Kosovo’s President Hashim Thaci and nine other people have been indicted by a court investigating war crimes committed during and after Kosovo’s independence war with Serbia.
A statement issued on Wednesday by the Special Prosecutor’s Office (SPO) in The Hague, the Netherlands, said Thaci and the others suspects were “criminally responsible for nearly 100 murders” of Kosovar Albanian, Serb and Roma people.
Other charges include enforced disappearance, persecution and torture.
The indictment is “the result of a lengthy investigation and reflects the SPO’s determination that it can prove all of the charges beyond a reasonable doubt,” the office said in a statement.
Thaci commanded fighters in the Kosovo Liberation Army (KLA) during the 1998-1999 war.
The indicted group also includes Kadri Veseli, former Parliament speaker and leader of the opposition Democratic Party of Kosovo.
Thaci was preparing for a summit at the White House on Saturday with Serbian counterpart, Aleksandar Vucic, and local media reports suggested he had already left for the US.
But US special envoy to Serbia and Kosovo Richard Grenell, who organised the White House meeting, said in a tweet that Thaci had cancelled going to the summit following the charges in The Hague.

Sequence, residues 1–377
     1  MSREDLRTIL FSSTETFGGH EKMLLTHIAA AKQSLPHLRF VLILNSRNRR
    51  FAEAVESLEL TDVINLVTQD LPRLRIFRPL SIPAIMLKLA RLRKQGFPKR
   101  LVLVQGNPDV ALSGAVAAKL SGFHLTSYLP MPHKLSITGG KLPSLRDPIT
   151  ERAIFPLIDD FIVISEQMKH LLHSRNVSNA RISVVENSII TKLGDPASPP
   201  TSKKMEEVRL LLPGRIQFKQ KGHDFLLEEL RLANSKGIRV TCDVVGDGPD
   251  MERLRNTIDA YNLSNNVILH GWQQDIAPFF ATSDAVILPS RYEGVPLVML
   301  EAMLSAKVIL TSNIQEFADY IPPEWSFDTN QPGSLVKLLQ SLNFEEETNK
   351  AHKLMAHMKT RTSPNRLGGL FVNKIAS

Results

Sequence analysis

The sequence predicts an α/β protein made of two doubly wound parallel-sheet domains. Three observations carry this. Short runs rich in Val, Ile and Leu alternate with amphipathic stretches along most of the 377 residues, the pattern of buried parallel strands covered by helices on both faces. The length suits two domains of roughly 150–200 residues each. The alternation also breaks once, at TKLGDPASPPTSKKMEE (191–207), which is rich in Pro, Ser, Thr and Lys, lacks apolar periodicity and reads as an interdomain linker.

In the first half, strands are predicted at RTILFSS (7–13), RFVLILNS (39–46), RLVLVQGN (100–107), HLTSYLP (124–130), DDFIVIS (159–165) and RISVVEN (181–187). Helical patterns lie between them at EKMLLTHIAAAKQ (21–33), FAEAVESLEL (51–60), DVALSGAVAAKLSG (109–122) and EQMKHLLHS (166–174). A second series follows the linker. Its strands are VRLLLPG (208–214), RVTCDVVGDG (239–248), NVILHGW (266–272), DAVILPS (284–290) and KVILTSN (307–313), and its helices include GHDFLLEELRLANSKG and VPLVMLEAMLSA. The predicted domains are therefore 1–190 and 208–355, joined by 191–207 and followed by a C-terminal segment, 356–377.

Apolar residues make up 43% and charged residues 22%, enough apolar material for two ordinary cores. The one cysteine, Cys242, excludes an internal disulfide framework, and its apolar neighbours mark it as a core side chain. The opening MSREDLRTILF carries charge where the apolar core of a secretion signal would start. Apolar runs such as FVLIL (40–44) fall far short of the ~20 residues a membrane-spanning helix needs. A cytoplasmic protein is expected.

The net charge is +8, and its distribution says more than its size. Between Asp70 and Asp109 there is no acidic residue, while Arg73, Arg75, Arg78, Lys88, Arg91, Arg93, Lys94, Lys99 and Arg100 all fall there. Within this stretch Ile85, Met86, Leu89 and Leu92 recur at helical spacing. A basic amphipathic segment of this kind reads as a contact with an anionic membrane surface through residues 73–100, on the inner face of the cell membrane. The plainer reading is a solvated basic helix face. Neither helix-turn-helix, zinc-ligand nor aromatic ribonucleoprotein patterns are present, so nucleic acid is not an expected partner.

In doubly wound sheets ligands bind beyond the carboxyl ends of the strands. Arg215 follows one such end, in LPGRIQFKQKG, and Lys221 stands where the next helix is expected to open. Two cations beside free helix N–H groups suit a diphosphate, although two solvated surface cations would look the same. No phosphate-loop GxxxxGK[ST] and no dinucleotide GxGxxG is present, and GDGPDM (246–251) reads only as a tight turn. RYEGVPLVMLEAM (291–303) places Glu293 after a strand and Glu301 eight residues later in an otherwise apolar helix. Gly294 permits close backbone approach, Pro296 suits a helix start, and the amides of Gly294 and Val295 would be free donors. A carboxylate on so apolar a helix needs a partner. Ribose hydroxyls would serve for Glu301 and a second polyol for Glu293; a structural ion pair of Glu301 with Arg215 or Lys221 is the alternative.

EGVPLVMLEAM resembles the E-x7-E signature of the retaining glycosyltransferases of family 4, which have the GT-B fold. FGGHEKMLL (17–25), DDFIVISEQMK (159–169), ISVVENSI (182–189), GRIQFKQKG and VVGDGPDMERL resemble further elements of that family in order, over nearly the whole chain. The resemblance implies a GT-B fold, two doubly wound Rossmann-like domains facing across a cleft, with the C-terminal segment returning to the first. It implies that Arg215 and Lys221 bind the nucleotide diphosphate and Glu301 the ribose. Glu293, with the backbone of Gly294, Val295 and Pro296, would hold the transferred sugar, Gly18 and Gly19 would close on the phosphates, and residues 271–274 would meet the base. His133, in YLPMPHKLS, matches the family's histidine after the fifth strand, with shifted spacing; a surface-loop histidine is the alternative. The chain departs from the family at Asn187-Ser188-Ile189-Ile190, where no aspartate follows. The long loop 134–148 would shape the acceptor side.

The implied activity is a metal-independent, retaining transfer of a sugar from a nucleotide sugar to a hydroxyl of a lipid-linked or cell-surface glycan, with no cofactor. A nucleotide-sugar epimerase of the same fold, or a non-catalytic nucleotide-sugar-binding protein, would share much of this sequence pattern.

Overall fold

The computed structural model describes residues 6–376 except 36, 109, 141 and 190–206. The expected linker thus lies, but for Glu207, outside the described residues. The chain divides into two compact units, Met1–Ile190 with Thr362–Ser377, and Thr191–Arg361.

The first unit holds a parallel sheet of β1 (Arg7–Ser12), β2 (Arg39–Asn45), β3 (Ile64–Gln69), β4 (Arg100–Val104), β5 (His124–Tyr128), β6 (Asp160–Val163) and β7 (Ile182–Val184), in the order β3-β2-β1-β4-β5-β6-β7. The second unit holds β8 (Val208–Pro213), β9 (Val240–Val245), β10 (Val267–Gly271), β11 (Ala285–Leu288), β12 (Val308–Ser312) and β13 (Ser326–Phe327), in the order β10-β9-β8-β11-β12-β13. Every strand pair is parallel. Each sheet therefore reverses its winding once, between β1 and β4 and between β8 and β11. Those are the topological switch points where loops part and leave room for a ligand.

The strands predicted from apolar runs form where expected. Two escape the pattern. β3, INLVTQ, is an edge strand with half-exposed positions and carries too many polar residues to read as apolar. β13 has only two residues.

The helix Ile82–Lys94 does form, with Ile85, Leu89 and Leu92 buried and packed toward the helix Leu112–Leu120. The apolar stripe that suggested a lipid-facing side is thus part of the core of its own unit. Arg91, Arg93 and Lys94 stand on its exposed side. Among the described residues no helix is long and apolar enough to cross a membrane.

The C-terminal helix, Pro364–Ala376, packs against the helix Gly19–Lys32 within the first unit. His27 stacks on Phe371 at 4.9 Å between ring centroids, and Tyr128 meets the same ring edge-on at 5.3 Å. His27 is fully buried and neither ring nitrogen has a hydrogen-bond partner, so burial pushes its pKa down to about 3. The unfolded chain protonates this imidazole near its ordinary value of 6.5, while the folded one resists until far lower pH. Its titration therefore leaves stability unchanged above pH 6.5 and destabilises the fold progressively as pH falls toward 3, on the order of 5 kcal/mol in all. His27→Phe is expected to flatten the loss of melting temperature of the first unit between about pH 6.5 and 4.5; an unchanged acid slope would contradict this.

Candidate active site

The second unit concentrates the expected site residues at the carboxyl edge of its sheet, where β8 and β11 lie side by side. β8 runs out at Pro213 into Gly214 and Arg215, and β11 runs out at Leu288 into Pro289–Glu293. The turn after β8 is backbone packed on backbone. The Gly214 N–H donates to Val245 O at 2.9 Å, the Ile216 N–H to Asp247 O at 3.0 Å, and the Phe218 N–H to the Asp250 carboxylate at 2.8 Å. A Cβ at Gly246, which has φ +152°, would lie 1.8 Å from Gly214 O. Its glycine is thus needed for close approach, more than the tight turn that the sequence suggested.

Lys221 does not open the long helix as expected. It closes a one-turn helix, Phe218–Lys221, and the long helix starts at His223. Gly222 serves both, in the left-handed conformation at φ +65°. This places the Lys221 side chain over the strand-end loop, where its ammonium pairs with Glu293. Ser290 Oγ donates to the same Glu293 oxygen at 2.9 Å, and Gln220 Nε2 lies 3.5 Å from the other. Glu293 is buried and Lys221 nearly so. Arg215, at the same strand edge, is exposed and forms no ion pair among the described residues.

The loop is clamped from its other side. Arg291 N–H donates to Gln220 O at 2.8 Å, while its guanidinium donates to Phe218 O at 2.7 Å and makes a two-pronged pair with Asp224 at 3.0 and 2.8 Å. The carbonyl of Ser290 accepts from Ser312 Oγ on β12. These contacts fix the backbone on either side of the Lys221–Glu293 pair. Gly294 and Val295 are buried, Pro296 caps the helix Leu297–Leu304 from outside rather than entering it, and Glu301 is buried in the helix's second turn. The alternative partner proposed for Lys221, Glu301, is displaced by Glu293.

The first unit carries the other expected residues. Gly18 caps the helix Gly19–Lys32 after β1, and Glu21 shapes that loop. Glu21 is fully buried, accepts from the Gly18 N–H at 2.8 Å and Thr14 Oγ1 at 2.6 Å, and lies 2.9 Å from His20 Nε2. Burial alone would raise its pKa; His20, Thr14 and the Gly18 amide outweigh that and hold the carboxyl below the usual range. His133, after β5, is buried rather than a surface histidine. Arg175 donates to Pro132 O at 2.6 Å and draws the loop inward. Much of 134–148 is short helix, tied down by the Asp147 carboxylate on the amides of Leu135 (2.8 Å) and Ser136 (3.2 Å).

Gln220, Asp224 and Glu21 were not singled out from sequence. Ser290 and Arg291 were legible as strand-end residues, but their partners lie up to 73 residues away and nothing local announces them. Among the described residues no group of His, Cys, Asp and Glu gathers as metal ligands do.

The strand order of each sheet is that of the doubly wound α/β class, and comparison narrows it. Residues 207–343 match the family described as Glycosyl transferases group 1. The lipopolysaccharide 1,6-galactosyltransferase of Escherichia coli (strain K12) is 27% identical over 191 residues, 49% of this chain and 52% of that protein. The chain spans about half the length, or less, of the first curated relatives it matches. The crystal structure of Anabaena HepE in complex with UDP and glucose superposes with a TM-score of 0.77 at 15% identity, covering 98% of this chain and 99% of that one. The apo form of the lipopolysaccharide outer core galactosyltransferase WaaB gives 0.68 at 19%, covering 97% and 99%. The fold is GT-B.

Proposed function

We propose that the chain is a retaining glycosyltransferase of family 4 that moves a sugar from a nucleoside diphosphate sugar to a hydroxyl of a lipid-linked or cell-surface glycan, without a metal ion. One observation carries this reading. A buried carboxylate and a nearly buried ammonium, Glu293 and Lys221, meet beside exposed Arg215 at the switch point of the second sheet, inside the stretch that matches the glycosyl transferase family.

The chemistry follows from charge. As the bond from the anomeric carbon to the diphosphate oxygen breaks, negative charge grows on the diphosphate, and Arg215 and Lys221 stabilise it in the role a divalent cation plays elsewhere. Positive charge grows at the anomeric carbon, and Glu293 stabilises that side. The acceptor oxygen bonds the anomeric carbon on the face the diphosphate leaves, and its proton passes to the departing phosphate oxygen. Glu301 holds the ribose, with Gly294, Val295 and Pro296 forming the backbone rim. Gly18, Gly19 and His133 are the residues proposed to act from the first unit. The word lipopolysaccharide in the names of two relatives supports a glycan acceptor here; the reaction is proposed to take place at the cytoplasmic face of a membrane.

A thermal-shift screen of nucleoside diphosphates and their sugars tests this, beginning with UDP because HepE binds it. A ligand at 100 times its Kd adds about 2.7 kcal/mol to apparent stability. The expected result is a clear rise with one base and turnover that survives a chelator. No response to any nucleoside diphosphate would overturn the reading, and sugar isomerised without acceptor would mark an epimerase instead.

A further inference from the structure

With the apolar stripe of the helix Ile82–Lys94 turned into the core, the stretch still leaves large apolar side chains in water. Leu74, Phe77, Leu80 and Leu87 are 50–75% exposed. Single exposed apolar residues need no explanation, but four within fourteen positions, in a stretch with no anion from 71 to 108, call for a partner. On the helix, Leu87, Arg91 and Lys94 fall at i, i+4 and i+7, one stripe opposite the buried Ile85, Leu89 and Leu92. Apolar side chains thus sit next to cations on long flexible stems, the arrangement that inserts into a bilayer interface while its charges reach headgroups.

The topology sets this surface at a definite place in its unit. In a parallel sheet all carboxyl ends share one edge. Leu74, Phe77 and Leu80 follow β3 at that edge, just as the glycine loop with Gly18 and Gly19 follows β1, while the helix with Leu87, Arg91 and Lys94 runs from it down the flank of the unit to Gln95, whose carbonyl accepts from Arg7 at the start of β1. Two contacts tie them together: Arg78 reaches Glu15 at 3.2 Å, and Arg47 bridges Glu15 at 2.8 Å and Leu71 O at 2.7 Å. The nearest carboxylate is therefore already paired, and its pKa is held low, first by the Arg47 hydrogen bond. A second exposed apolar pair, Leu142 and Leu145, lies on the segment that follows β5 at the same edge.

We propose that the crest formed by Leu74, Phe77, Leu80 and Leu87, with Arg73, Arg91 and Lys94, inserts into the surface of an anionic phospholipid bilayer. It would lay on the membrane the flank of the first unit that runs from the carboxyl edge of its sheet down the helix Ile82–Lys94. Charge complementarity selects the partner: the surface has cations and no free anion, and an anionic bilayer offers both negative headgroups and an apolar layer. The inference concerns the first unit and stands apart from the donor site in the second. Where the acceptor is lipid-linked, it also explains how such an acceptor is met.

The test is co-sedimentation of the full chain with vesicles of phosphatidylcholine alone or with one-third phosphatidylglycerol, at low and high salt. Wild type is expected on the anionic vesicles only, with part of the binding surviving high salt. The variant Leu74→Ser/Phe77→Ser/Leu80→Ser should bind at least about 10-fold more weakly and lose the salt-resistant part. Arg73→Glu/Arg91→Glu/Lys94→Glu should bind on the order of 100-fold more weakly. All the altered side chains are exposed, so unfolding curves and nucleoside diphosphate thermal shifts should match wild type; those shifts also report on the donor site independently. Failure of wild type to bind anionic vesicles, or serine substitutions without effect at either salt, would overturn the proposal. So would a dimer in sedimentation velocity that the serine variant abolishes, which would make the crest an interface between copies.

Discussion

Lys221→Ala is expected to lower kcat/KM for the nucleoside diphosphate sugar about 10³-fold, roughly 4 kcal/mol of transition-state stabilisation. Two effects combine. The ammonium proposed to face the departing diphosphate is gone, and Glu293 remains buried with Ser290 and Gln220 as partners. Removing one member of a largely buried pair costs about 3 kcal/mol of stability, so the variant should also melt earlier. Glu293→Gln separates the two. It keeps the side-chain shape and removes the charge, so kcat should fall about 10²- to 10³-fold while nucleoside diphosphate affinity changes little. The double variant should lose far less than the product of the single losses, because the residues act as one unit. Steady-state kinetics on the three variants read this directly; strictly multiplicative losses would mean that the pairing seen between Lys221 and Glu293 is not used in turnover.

“I respect his decision not to attend the discussions until the legal issues of those allegations are settled,” Grenell said, adding talks will now go ahead with Kosovo’s new Prime Minister Avdullah Hoti, who has moved to ease friction with Serbia.
The President of Kosovo has just informed us that he has canceled his trip to Washington, D.C. following the announcement made by the Special Prosecutors Office.I respect his decision not to attend the discussions until the legal issues of those allegations are settled.
— Richard Grenell (@RichardGrenell) June 24, 2020
‘A surprise to many in Kosovo’
Reporting from Pristina, Al Jazeera’s Avni Ahmetaj said Thaci has been confronted many times in the past regarding allegations of war crimes but has always denied any wrongdoing.
“The news came as a surprise to many in Kosovo,” Ahmetaj said. “[KLA veterans] say the KLA did not commit any crimes, that they were defending their families during the war and the only army that committed war crimes during the war in 1999 was the Serbian army.”
The indictment issued on Wednesday was the first by the special tribunal based in The Hague. The court has been operating since 2015 and has questioned hundreds of witnesses.
According to the statement, the indictment is being reviewed by a pretrial judge who will decide whether to confirm the charges.
The prosecutor accused Thaci and Veseli of repeated efforts “to obstruct and undermine the work” of the tribunal.
“Thaci and Veseli are believed to have carried out a secret campaign to overturn the law creating the Court and otherwise obstruct the work of the Court in an attempt to ensure that they do not face justice,” the statement said.